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Eye Conditions of Adult Sheep

14 January 2021

There are three main eye conditions of the ewe, all of which can be associated with harsh winter weather and housing of ewes.  The most common condition is Infectious Keratoconjunctivitis, more commonly called “pink eye” or “snow blindness”.  This is often related to bad weather such as driving snow or high winds but also dust which may be in hay.  It is a contagious condition, caused by one of two species, either Chlamydia Psittaci or Mycoplasma Conjunctivae.  It can be identified as, tear stains on the face, cloudy eyes, a dislike to bright lights and/or an inflamed pink eye depending on the length of infection.  There are often carrier animals within flocks which transmit the organisms to other sheep in the flock.  Close contact at troughs allow the infection to spread rapidly.  To limit infection sheep must have adequate trough space (45 cm/head for troughs and 15 cm/head for ring feeders), not be highly stocked and sheds should be well ventilated, in addition shelter should be provided for out wintered stock.  Purchased stock must be isolated until it is apparent if they are affected by the condition.

Anterior Uveitis is a condition often linked to feeding big bale silage to sheep.  This is a conjunctival infection from Listeria Monocytogenes.  Signs of infection include cloudy eyes in sheep. To limit the risk of the condition, big bale silage should be offered to the animals fresh and not allowed to be opened from the wrap for more than 3 days.  The condition is more common when sheep are pushing their heads into the bale.  Unrolling bales along a feed barrier is likely to reduce the risk of disease compared with using a round feeder.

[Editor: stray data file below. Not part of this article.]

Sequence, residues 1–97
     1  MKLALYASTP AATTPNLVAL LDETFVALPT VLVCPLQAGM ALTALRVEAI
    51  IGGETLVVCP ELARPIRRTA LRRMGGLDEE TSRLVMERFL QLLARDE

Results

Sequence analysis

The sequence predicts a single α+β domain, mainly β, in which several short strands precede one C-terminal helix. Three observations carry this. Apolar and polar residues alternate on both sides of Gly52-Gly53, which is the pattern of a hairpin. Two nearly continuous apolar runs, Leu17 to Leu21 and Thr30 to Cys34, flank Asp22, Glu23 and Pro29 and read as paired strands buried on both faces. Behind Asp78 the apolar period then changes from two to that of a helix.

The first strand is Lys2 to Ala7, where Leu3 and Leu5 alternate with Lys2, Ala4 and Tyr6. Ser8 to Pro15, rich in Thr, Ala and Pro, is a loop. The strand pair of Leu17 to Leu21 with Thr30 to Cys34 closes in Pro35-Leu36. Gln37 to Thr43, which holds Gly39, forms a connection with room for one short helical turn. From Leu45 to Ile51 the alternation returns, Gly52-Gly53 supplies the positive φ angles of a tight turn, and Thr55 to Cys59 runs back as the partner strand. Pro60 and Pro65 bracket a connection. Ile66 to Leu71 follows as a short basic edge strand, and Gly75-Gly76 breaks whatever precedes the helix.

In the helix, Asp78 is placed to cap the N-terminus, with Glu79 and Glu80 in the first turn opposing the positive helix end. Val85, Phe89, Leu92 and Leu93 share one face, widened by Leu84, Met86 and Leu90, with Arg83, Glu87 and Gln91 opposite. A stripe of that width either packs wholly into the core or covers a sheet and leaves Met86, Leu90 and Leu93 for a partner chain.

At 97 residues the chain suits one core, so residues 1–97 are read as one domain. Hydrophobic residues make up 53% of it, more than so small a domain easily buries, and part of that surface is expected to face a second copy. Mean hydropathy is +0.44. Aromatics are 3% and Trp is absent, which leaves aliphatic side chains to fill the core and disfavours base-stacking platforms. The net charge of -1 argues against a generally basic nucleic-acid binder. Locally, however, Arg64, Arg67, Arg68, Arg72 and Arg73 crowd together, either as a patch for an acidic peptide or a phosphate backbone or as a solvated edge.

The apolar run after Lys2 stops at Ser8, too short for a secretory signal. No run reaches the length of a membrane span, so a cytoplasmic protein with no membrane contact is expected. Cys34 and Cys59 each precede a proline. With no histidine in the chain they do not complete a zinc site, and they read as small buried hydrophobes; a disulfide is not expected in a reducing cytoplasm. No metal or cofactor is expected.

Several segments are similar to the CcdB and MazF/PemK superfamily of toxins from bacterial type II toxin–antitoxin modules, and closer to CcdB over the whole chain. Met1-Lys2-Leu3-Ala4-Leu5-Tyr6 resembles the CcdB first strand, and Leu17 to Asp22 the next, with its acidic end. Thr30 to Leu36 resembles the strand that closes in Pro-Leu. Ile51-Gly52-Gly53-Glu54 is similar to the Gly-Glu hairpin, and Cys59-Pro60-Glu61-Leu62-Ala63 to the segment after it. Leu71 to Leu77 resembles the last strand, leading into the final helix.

The final condition is Periorbital Eczema. This condition occurs when the skin around the eye is damaged allowing for entry of Staphylococcus aureus. This can often occur when there is not adequate room allowed for at troughs or ring feeders. It results in swollen eyes and blocked vision due to large scabby lesions forming around the eyes.

Eye conditions are particularly problematic disorders for ewes in late pregnancy, where an eye condition can lead to blindness. This can make it difficult to source food, resulting in metabolic disorders, loss of body condition and low milk yield. The conditions listed above can carry a high economic cost to sheep farms in terms of low performance or death of the ewe through metabolic disorders, foetal losses, poor weight gain in ewes and lambs and the labour cost to deal with such conditions. Simple prevention through biosecurity, ensuring adequate feed space, shelter and ventilation can reduce the risk on farm.

Kirsten Williams, kirsten.williams@sac.co.uk

Sheep eating hay in a snow covered field

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